Vegan Recipe: Pupusa with Black Beans

I had my first pupusa at La Cabana Pupuseria & Donuts and totally loved it. Why the ‘& Donuts‘? Well, apparently they started out as a Donuts place and then they figured they had enough room with a kitchen that might as well start making some Salvadoran food and it stuck. Pupusa, in case you didn’t know, is a traditional Salvadoran dish made of thick, handmade corn tortilla that’s filled with cheese, cooked port meat or refried beans. Pupusa is typically served with fermented cabbage slaw and a watery tomato salsa. I can tell you that even this vegan version is super filling!

Pupusa With Black Beans

Pupusa Ingredients for Filling

Pupusa Ingredients for Filling

There are two parts to the pupusa recipe. The dough, made of Masa Harina and the filling. The Masa Harina is essentially corn flour, but one that’s gone through nixtamalization which infuses the flour with calcium and other essential nutrients. This process of grinding corn flour with quicklime or slakedlime is an ancient one, dating even back to 1500-1200 B.C.

Pupusa Filling

Pupusa Filling

You can improvise on the filling, but here’s what I used:

  • 1 small onion, diced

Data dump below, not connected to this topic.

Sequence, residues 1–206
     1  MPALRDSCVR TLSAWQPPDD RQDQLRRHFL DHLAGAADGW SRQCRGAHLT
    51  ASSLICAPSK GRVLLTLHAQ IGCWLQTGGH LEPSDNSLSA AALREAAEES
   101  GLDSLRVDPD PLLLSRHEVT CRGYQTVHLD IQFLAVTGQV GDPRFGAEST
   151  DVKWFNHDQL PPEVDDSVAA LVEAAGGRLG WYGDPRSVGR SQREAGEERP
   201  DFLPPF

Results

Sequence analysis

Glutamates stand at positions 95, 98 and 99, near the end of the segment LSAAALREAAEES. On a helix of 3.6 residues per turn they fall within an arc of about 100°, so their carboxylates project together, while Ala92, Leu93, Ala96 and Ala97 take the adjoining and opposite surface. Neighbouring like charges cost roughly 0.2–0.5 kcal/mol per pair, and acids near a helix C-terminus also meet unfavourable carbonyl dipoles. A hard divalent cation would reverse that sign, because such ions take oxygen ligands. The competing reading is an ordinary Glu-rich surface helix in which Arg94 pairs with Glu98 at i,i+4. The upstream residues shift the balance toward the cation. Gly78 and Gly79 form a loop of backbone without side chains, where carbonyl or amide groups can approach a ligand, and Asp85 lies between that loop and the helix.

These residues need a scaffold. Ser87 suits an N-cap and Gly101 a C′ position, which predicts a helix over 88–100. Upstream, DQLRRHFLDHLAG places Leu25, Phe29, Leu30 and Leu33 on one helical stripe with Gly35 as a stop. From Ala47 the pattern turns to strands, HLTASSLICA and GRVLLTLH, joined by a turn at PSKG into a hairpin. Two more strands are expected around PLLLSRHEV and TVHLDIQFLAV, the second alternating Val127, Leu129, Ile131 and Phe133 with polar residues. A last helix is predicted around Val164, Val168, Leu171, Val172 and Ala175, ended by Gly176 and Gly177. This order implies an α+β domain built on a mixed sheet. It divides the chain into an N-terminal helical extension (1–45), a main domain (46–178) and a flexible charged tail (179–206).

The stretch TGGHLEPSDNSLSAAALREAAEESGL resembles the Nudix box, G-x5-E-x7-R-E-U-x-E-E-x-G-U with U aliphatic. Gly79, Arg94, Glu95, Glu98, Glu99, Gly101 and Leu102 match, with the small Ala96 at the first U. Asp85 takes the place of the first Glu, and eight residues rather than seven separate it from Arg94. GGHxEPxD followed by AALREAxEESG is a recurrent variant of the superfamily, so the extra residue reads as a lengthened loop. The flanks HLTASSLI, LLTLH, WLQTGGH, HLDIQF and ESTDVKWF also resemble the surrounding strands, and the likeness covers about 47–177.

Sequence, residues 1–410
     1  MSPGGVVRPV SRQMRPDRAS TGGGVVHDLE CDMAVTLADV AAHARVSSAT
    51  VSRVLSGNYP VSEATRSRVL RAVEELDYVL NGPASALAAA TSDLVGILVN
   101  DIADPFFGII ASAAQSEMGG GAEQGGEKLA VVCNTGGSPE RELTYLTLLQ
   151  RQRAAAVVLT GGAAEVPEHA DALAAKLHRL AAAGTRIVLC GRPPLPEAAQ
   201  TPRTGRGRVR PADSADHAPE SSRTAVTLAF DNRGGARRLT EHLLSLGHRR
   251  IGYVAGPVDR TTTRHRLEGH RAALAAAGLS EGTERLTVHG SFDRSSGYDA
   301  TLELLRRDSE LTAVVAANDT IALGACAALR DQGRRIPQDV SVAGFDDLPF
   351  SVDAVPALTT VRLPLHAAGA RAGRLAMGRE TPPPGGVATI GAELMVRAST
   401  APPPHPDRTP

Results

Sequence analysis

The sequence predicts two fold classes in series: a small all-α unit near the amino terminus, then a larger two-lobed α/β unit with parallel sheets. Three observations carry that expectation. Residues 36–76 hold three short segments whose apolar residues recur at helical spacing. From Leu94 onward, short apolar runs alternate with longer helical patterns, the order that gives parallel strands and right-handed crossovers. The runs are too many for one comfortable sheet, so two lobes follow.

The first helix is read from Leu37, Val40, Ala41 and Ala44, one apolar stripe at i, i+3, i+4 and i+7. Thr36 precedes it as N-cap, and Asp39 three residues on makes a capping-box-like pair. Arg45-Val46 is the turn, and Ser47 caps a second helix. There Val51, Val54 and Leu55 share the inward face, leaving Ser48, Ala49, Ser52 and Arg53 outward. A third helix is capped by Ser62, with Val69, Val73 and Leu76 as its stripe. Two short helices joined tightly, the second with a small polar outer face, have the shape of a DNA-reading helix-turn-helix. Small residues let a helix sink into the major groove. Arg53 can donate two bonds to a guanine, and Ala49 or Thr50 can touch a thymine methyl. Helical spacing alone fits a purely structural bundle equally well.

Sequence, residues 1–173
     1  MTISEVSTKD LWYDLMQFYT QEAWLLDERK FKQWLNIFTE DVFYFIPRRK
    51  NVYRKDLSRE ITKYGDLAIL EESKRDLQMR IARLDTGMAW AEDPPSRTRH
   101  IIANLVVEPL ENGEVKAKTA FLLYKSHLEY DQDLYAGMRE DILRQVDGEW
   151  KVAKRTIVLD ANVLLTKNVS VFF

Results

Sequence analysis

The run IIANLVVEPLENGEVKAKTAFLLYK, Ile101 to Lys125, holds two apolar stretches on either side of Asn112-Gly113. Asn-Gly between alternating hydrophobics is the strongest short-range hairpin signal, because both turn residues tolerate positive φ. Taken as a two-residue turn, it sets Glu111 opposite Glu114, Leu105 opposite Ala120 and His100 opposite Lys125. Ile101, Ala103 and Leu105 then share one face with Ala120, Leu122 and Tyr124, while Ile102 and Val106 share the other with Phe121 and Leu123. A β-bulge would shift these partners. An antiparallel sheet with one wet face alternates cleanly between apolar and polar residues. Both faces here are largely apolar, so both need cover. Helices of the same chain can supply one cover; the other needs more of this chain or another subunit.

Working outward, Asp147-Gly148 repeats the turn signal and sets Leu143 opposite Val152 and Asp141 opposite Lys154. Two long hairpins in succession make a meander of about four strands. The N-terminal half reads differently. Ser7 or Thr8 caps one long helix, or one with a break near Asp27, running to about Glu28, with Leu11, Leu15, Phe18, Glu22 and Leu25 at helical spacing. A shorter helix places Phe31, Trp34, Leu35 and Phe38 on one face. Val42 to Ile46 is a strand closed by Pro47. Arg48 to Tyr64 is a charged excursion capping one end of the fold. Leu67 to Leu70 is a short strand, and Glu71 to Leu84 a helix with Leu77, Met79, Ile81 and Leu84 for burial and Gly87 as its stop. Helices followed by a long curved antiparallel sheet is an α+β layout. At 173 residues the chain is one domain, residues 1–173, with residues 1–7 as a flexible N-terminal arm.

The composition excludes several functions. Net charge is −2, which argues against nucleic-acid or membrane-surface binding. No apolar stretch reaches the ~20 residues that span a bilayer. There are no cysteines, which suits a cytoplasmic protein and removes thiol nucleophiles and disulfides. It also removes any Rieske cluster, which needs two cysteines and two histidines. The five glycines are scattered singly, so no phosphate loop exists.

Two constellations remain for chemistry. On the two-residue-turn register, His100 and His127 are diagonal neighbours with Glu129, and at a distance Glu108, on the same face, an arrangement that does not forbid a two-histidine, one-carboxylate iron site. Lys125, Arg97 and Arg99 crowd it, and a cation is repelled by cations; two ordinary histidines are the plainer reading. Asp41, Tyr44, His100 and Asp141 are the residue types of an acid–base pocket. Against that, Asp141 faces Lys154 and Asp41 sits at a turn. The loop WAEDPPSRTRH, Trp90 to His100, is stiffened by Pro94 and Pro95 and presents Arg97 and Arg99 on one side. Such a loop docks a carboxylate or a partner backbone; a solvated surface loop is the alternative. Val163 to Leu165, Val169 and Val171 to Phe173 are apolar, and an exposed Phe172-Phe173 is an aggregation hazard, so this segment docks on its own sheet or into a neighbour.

• ½ bell pepper, diced
  • 2 tsp paprika
  • 1 tsp ground coriander
  • 1 tsp ground cumin
  • 1/2 tsp dried oregano
  • 2 garlic cloves, minced
  • ¼ cup chopped parsley
  • ½ cup Organic Black Soy Bean

Make the dough by tossing all the ingredients into a small bowl, mixing them throughly. Set aside. Sauté the onions in a small skillet over medium heat for 2 minutes, then add the spices and oregano. Cook over medium heat, stirring frequently, until the onion is soft. Add in the garlic and the soy beans and cook for another 1 minute.

There are two ways to stuff the ingredients into the dough. You can pinch off a small portion of the dough and first make a ball. Then use your thumb to make a dent and spoon in the filling. Cover the dent and flatten it into a cake. The other way is to make two sets of small pancakes by patting the dough with your hand. Top the filling on one of them, cover with the other and seal the edges with a little bit of water. Either method works as long as you end up with a pancake shaped dough with the filling inside.

Pupusa on the Skillet

Pupusa on the Skillet

Fill in the Pupusa

Fill in the Pupusa

In a heated, well oiled skillet, cook the pupusas until they are brown on both sides. My kids love to eat this with just ketchup, but you can also serve this with fermented cabbage slaw. If you make too many, the pupusas store well in the fridge and you can heat them quickly for breakfast in a toaster oven.

Have you tried making pupusa? What filling do you use?


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